Since the onset of the global pandemic, there has been a rise in data vulnerabilities, up to tracking the progress of some government’s vaccination programs. Having a centralized database for vaccinated people will exacerbate this problem and create a new playing field for hackers. Already counterfeit vaccine passports are a growing concept, and Cybersecurity experts in Israel have spotted tens of thousands of fake green passes.
While mind-mapping ‘what could be next’ along the lines of a global pandemic, vaccine rollout, and vaccine passports, many have cited China where control manifests like a Trojan horse. “Vaccine passports are 1 step behind social credit systems. In China, there are people that can’t get toilet paper from a public toilet because their score isn’t high enough. They get points for doing what they are told and obeying the CCP,” a certain Paul Williams wrote on Twitter. Already, China has indicated an interest in providing support and technical knowledge for the international vaccine passport platform, while the WHO will draft the rules, procedures, and data specifications.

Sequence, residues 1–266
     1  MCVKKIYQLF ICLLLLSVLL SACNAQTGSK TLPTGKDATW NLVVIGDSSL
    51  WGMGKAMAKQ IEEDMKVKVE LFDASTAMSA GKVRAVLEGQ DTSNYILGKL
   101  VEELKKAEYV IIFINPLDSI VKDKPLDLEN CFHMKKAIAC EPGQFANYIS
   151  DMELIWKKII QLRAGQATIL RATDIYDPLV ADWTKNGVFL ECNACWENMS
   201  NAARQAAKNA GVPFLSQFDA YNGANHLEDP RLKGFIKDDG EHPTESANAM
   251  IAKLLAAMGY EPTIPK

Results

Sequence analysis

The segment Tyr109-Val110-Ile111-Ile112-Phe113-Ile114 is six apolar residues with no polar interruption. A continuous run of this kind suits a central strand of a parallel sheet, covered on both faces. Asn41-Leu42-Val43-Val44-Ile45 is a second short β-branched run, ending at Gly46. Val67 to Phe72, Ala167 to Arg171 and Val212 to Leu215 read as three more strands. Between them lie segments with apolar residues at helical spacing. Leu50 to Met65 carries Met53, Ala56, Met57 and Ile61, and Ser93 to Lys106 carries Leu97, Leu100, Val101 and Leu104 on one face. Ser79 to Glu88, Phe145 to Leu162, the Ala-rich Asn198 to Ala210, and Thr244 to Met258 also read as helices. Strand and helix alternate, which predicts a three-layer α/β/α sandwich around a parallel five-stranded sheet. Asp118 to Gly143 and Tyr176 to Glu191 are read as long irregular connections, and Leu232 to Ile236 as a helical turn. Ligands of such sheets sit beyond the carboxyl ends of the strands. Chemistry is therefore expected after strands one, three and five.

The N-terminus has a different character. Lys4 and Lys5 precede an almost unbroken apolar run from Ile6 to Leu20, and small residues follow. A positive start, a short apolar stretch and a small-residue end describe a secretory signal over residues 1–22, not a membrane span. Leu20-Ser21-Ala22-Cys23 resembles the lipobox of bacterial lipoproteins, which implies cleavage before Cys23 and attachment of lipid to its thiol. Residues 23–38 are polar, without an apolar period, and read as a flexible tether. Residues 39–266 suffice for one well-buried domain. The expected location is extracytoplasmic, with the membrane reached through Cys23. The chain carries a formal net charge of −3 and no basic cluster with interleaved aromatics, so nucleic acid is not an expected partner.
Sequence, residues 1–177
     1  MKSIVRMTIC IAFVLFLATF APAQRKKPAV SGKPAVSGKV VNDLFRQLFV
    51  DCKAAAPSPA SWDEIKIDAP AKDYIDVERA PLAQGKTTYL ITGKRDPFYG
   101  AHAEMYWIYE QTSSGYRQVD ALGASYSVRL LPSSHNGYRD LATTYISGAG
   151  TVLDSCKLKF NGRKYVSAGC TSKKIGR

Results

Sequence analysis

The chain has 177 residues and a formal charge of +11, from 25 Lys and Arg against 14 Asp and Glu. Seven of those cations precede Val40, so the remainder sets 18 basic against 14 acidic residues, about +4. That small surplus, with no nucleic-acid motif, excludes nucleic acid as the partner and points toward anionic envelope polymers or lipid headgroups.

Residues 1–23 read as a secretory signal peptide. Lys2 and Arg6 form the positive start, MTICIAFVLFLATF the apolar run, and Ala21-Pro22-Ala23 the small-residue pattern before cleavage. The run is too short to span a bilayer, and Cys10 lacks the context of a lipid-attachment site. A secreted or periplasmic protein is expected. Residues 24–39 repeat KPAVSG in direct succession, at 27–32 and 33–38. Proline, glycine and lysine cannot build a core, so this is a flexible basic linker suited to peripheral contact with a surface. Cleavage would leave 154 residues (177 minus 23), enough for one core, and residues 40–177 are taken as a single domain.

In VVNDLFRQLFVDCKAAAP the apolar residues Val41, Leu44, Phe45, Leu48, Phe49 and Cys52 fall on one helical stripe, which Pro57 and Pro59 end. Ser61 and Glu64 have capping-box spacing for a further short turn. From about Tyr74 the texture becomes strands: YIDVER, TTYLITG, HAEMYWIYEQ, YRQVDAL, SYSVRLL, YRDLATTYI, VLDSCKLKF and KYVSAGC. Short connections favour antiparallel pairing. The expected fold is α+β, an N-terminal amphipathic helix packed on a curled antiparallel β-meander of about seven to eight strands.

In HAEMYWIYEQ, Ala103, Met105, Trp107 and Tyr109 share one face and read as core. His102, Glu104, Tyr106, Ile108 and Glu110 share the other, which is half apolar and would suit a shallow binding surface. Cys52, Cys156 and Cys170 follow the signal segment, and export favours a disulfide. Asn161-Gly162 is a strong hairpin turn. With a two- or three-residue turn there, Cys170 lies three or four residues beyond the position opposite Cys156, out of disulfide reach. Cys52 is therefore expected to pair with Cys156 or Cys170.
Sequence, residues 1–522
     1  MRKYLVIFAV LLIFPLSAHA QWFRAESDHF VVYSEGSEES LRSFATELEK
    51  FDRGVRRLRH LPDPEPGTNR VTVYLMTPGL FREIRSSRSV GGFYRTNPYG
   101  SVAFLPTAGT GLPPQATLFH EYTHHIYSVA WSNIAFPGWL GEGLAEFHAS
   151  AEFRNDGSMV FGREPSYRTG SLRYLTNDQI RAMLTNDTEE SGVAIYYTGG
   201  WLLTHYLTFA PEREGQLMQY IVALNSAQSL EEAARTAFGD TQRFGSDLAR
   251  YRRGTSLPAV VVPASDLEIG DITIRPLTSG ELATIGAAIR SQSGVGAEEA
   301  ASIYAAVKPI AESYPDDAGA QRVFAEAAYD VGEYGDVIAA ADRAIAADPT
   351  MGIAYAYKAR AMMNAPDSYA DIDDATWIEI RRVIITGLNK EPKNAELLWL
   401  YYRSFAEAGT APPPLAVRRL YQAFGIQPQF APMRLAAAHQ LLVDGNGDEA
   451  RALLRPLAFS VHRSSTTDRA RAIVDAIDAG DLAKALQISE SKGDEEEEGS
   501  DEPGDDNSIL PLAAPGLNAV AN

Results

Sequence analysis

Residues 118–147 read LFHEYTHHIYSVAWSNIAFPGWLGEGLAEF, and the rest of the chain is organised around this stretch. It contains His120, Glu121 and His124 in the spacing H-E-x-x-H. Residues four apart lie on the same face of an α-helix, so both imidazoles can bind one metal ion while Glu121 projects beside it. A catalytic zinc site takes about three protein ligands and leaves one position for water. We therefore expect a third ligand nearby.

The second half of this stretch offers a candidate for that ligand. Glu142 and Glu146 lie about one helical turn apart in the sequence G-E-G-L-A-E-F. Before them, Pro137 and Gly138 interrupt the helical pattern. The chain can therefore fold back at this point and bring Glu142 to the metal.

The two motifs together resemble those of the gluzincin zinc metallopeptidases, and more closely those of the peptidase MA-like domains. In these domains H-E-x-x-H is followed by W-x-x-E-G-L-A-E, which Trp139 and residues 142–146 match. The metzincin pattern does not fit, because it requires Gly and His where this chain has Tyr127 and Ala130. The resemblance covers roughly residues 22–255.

In some parts of the world like the US and UK, opposition to vaccine passports is existent. “Health Passports Break the Nuremberg Code” a group of protesters placarded on the streets of Oxford on Sunday morning. The US Freedom Reclamation Project also released a digital tracker for US states in support of the removal of mask mandates and prohibition against vaccine passports.
It is noteworthy that there are documented effects of the prolonged lockdowns on business and individual life. These include a fast-dwindling global economy, widening gender inequality gaps, loss of academic and/or professional opportunities, and increased negative impact on emotional and mental health across age groups.
The world must therefore unite in its approach to reopening the doors of social freedom. Methodological approaches like localizing the needs of various populations and aggregating policy priorities on a country-to-country basis are advised.
This is not the first time that documentation has been required for health-related checks across borders, but when tied to a plethora of unresolved disparities from the pandemic, mandating COVID-19 vaccine passports could potentially become a first in creating segregated classes of citizens based on health-related privileges.